Penn Law Receives $50 Million for Public Interest Lawyering

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The University of Pennsylvania Carey Law School announced in late September a $50 million donation from the Robert and Jane Toll Foundation to dramatically expand the Toll Public Interest Scholars and Fellows Program, which is designed to boost programming for students pursuing public interest legal careers.

The gift—the largest devoted entirely to the training and support of public interest lawyers, and among the 10 largest ever given to a US law school—will double the number of public interest graduates in the coming decade through scholarships beginning in the 2021–22 academic year.

“The timing could not be more important, as our country acknowledges how inadequately our criminal justice system and other institutions have responded to the country’s long history of racism and inequality,” Penn President Amy Gutmann said in a statement. “The Tolls’ visionary philanthropy firmly place Penn Carey Law in a preeminent position to support a new generation of leaders to do the substantial work required for serious reform.”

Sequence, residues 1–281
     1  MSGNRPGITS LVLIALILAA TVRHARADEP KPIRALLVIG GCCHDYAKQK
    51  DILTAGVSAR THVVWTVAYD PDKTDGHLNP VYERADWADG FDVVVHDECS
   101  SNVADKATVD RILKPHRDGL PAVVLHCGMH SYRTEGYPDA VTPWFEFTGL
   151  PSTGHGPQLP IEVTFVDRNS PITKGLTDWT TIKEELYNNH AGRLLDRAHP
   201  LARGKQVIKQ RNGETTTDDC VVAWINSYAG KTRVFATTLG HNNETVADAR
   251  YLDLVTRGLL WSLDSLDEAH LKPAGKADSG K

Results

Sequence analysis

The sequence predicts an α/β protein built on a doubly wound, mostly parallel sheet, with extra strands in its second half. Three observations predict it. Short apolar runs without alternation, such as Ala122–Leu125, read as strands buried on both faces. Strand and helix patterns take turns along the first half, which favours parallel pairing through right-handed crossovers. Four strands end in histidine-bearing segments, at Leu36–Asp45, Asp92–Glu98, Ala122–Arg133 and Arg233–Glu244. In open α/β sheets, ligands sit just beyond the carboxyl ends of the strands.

Founded by Robert Toll L’66 and Jane Toll GEd’66, the Robert and Jane Toll Foundation focuses primarily on supporting projects that are dedicated to education and promoting racial and financial equality. Robert Toll, the cofounder of the American luxury home construction company Toll Brothers, and his wife, Jane, made a $3 million donation to Penn Law in 2018 to create and launch the Toll Public Service Corps, which includes Toll Scholars and Fellows, while also establishing Alumni Impact Awards and funding additional financial and career support for alumni. Additionally, in 2006, the Tolls gave $10 million to Penn Law’s public interest program, which was consequently renamed the Toll Public Interest Center.

“Our goal is to greatly increase the number of students entering careers in public interest,” said Robert Toll, who has been a member of Penn Law’s board of overseers since 1992 and is a former Penn trustee. “It’s my hope that this opportunity leads to even more tangible, positive change from future Law School graduates.”

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